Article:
Ireland scored three tries of their own through Chris Henry, man-of-the-match Jonathan Sexton and Andrew Trimble to run out deserved 29-17 winners, but the defensive lapses will undoubtedly be focused on by the coaches this week.
Paul O'Connell wants the much-changed squad to maintain the high standards set during the Six Nations-title winning campaign and knows they can ill-afford to give the Pumas any leeway in the next weekend's rematch in Tucumán.
"I'm disappointed and Les (Kiss) will be disappointed as well, with the missed tackles. I think Argentina have a lot of very talented footballers with excellent footwork, and size as well," said the Ireland captain.
"Certainly the way they put pressure on you off turnovers, they love hitting you off turnovers. That bit of play when we nearly scored a try early in the first half, they take a quick tap and they nearly score 30 seconds later - that kind of thing is probably something we've spoken about every day since we came together, and that was frustrating for that to happen.
"We missed tackles, tackles that I think we should have made, and it conceded momentum to Argentina...we need to defend better if we're going to put in a better performance against them next Saturday."
While those defensive slips and the failure to convert breaks from Darren Cave and Luke Marshall into scores will rankle, the positives certainly outweigh the negatives for this new-look Irish camp.
It was Ireland's first ever Test win in Argentina after defeats in 2000 and 2007 (two matches), while three players made their debuts - Robbie Diack, Kieran Marmion and Rodney Ah You - and new combinations were tested as 13 players with 10 caps or less all got game-time.
The scrum and lineout were reliable throughout, with newcomer Diack used regularly in the latter, and Ireland's impressive discipline in clammy conditions was a pleasing factor for O'Connell.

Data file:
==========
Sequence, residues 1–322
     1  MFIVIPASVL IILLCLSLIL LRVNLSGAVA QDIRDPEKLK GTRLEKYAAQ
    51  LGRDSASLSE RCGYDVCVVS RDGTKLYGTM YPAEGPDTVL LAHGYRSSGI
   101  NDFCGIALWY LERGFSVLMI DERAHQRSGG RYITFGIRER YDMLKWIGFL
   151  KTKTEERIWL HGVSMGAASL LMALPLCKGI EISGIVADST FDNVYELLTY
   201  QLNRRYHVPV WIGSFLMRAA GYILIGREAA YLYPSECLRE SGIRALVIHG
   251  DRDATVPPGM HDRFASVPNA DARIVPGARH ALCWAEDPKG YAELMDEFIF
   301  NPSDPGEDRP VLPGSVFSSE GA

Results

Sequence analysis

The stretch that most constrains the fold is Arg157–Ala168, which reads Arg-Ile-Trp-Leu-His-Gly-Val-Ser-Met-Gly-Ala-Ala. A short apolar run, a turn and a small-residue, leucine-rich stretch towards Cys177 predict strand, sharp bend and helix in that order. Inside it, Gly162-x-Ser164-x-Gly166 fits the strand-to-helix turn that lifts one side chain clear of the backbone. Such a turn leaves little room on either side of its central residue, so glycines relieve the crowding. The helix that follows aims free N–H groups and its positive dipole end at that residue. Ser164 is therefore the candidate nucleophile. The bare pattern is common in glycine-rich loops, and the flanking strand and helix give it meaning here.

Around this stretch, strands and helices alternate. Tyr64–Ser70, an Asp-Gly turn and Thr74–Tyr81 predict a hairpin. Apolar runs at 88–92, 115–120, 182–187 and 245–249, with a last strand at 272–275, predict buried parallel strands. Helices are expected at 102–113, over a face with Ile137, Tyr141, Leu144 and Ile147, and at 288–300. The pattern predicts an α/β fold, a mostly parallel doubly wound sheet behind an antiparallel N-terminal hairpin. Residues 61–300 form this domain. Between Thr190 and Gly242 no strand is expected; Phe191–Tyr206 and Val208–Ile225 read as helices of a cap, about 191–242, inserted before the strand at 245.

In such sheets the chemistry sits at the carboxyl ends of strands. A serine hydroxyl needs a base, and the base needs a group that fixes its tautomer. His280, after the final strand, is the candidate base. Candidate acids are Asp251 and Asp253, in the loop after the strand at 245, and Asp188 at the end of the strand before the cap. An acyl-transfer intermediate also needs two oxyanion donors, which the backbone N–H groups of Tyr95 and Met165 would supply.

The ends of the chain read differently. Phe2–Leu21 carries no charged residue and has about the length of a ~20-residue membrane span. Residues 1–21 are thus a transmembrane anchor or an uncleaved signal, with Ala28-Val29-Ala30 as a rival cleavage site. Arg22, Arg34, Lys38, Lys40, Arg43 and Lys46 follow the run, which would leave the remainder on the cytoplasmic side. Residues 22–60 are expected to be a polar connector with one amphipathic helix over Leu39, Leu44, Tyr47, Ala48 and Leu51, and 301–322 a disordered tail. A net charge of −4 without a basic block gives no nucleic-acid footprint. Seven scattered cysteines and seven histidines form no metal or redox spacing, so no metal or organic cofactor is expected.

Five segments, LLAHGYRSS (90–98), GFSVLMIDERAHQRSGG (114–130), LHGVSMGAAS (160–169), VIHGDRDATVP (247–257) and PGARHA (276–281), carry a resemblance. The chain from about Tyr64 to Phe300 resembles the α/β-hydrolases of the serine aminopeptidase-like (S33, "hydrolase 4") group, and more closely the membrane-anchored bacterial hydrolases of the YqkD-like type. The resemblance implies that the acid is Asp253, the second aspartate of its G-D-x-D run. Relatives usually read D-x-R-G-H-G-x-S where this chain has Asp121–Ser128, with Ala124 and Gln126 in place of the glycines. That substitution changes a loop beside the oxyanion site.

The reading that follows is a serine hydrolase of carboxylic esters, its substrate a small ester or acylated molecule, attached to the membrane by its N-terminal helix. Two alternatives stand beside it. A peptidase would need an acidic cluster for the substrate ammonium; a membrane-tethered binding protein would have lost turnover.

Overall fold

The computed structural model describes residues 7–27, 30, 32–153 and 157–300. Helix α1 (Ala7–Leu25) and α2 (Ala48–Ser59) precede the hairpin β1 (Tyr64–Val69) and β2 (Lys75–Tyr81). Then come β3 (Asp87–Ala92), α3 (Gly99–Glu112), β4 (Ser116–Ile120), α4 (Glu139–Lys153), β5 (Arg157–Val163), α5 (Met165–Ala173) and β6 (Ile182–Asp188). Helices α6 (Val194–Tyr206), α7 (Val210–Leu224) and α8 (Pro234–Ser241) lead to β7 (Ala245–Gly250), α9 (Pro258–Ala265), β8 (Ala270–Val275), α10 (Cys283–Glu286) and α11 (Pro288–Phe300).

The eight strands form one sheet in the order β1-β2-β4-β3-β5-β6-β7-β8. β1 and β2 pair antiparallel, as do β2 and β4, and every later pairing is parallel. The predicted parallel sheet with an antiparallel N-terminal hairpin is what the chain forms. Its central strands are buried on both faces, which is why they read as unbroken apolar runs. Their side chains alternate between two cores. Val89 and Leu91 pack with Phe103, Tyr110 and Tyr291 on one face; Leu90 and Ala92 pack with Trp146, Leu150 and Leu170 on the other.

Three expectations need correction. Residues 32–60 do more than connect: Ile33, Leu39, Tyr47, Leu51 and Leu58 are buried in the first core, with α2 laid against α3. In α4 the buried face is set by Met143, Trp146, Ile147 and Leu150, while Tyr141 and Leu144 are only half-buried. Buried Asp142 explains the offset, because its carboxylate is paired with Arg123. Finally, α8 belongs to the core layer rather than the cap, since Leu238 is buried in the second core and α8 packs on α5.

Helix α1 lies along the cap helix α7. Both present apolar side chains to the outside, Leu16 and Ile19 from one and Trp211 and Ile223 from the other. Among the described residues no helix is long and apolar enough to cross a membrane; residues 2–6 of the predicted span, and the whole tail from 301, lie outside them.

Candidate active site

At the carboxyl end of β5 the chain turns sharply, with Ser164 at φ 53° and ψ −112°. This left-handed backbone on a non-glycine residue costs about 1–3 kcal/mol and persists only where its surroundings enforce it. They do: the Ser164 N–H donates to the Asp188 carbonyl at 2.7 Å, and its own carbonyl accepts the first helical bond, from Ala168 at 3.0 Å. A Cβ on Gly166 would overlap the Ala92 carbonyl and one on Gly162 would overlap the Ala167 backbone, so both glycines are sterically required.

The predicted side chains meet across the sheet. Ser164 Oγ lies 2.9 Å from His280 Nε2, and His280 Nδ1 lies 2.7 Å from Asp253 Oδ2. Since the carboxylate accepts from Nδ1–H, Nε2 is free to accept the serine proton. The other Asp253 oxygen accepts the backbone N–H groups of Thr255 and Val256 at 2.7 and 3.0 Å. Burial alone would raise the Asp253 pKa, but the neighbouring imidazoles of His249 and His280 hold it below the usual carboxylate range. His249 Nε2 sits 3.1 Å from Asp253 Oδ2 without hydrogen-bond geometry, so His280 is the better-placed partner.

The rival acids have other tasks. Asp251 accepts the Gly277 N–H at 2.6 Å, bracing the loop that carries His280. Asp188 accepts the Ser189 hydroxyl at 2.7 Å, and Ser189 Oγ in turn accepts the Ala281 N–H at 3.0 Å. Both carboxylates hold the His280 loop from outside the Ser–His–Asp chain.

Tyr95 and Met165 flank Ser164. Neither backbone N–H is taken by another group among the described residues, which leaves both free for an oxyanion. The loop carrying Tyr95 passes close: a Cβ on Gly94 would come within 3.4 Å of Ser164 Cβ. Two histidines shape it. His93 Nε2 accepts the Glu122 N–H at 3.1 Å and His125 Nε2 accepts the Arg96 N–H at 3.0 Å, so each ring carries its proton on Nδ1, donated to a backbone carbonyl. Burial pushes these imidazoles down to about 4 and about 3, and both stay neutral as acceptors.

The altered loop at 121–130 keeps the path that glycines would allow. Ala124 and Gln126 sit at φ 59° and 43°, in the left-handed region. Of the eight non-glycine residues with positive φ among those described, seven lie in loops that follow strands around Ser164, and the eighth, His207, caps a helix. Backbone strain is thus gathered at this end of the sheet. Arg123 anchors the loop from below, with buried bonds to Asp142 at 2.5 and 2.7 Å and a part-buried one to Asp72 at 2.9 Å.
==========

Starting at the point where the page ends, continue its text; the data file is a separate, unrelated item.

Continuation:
"Our discipline was excellent. We took up where we left off in the Six Nations in terms of our discipline. I think we only conceded seven penalties, or something like that, which is great against Argentina.
"I think our set piece was really good. We got a lot of good starter plays off our lineout, we turned over a few really crucial scrums as well which was good as they were massive pressure relievers."
O'Connell's 100th Test appearance - it was his 93rd Ireland cap in addition to seven Lions Tests - was his first time playing in Argentina, and he agreed that the squad will benefit from such a physical outing in the Chaco heat.
"When you see the likes of Felix Jones struggling with five minutes to go from a fitness point of view - he is one of the fittest guys I've ever played with - it just shows how physical a game it was and how draining it was fitness-wise. It was a real slog throughout, a real tough physical game.
"For a few of the young guys and a few of the guys who got their first cap and who maybe aren't regulars in the side it is good to come down to a place like this and get a real tough test and come through it."
The Munster second row, who was skippering Ireland for the tenth time, pinpointed Henry's try from a lineout maul before half-time as a crucial moment with the tourists quickly cancelling out Montero's breakaway effort that had the Pumas leading 10-6.
Commenting on Ireland's response to that concession, he said: "It was great. Zeebs (Simon Zebo) won the kick-off which was excellent, then we got a penalty two or three metres from the touchline and kicked it to the corner.
"Our set piece had been good throughout the game and in getting over the line, it was an important five points after conceding. It probably put us back on the right track."